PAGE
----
What is your earliest memory of music?
Kerri Chandler: Probably listening to my dad play records in the house - he used to throw parties outside the house and everyone would come and just hangout.
Was there a defining moment when you decided that music was to be your life or was it a slow process due to your heritage?
I think I always knew this was what I wanted to do and I was around so much music from an early age it was almost inevitable.
Did you start with production or DJing?
I started DJing out at 13 with my father at clubs. I opened for him at the Rally Racquet Club in East Orange, NJ but I have always loved music even earlier than that. I always knew it was something I felt in my heart.
Would you consider yourself a producer or a DJ first and foremost?
I love both just as much and I never felt I wanted to do one more than the other with both you have the ability to create, It’s just one you get to do live.
Are you still affiliated with Pioneer? What are your thoughts on the way technology has changed the art of being a DJ?
Yes we're back and forth all the time and I use their mixer and CDJs on my rider wherever I play. I’ve always mixed on vinyl or CDs so not that much has changed for me, but I’m always looking out for new equipment and think it's good people can choose what they feel works for them more these days. I also started a lot of work with Native instruments and the Stems Project along with Maschine and other studio controllers, they are very open minded as a company and have a passion for what they do, I love that in a company. And they are like family I just cooked dinner for the staff and friends at ADE, it was super personal.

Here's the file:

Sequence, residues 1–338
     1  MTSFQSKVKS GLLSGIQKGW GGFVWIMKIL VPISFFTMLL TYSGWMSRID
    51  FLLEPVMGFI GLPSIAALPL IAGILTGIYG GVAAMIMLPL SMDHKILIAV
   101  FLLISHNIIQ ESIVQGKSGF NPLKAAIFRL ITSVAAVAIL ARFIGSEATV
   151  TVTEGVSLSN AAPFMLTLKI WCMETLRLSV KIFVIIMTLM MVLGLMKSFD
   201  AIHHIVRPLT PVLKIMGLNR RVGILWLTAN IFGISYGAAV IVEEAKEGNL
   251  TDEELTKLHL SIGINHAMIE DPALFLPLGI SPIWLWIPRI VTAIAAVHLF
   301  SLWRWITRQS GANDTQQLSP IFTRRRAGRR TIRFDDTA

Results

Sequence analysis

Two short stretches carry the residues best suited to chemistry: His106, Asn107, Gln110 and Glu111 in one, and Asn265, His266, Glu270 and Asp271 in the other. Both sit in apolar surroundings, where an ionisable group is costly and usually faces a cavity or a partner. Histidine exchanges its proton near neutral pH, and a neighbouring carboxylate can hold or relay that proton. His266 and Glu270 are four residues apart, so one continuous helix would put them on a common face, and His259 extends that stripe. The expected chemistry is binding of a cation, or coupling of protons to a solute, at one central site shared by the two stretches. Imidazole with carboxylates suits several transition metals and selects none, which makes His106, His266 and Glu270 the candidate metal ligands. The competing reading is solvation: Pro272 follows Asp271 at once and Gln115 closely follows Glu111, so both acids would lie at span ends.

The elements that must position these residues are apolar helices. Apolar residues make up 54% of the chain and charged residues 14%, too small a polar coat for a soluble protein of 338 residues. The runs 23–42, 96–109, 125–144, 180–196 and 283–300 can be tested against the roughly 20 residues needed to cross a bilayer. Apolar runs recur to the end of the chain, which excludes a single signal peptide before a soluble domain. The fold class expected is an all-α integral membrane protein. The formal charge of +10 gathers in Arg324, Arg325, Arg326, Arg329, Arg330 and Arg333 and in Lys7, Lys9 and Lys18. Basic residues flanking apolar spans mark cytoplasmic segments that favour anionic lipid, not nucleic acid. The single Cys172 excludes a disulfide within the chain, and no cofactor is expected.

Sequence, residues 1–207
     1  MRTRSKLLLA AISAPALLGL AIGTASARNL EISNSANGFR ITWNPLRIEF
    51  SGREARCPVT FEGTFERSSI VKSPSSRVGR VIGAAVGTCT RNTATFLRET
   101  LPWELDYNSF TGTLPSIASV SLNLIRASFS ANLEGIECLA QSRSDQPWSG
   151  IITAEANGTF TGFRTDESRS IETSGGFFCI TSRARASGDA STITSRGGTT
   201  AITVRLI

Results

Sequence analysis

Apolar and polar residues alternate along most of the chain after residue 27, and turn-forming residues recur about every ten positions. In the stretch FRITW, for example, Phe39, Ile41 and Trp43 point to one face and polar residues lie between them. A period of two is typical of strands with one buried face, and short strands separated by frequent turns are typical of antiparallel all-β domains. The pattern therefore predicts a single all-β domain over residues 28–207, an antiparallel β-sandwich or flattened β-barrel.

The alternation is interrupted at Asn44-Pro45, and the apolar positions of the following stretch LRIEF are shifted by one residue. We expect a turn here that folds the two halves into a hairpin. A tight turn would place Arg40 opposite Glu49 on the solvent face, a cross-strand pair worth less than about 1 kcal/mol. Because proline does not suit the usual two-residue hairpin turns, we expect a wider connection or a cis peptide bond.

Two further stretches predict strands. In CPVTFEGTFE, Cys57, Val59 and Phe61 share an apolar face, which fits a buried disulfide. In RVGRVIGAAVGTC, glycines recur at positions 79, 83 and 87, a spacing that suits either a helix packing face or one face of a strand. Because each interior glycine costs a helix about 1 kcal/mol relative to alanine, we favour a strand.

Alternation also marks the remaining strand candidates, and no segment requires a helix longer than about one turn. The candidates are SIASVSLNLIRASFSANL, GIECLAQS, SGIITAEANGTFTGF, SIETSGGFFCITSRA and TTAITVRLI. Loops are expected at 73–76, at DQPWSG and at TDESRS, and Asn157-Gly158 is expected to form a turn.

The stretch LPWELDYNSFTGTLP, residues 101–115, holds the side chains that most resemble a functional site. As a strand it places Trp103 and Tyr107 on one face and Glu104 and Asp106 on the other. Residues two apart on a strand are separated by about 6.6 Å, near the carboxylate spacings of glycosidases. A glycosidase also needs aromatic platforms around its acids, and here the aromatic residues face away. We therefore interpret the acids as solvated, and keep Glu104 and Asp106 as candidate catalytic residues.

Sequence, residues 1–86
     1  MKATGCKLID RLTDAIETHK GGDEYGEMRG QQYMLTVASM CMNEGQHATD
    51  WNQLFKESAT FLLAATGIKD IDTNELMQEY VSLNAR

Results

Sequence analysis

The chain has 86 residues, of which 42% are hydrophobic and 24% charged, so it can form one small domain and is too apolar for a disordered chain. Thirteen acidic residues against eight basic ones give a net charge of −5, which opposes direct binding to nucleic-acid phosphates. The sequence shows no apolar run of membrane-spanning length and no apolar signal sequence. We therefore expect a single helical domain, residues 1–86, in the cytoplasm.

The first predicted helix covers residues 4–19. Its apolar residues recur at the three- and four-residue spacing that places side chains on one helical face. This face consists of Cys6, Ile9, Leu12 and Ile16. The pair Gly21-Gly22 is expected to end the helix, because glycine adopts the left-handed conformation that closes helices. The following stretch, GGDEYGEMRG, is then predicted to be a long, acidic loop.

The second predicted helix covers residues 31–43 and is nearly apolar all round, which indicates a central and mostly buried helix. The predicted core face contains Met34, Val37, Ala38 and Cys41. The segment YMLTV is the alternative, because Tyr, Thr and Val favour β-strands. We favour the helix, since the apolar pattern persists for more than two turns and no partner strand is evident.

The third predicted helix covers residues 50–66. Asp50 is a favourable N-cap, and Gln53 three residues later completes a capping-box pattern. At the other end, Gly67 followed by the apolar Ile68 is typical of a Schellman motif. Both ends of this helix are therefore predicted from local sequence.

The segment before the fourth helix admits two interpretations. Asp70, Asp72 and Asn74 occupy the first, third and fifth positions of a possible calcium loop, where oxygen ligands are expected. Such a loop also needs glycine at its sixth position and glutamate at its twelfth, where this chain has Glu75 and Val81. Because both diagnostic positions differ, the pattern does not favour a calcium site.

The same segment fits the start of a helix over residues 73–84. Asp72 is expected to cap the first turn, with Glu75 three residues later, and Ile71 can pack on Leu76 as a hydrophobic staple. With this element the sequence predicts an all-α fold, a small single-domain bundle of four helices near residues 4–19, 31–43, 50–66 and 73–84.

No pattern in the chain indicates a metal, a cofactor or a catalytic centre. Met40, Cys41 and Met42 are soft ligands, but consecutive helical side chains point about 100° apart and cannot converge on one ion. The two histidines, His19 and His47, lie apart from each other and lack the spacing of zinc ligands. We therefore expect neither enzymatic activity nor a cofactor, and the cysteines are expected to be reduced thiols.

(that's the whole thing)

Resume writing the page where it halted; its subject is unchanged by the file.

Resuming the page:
"London’s always like coming home for me but I know the people who make it out to fabric on a night like this are all really into their music so that excites me."
Apart from advances in technology, what do you see as the major differences in the scene between now and when you started?
Wow, that’s hard. So much has changed since I started – there have been so many scenes that have come and gone or changed since then but house music is still a powerful thing to a lot of people. It still comes down to the music you play.
What lead to starting Kaoz Theory Records and what's the ethos behind it? What's the difference between that and madhouse and Madtech?
It’s kinda a way for me to go back to my Kaoz roots. Kaoz Theory the label covers a darker and very raw style for me to express myself in a different way and to release music from friends I’ve made playing over the summers with a similar tone, for anyone who is familiar with my Kaoz 623 mix style of dubs I put on most singles I do but for 2015.
What exciting things are in the pipeline for you?
I’m working on a bunch of music at the moment and some remixes for friends of mine. I’ve just remixed Disclosure, Paolo Nutini, Citizenn, Popof, Troy Denari and so I'm taking some time outside of shows to try and get everything done.
Are you looking forward to playing at fabric for this special all-nighter?
Very much so, I can’t wait. London’s always like coming home for me but I know the people who make it out to fabric on a night like this are all really into their music so that excites me. I don't have to stop at like an hour and a half in, I don’t always get play the longer sets these days. These are always my favourite nights where I have time to build and get the feel of the room.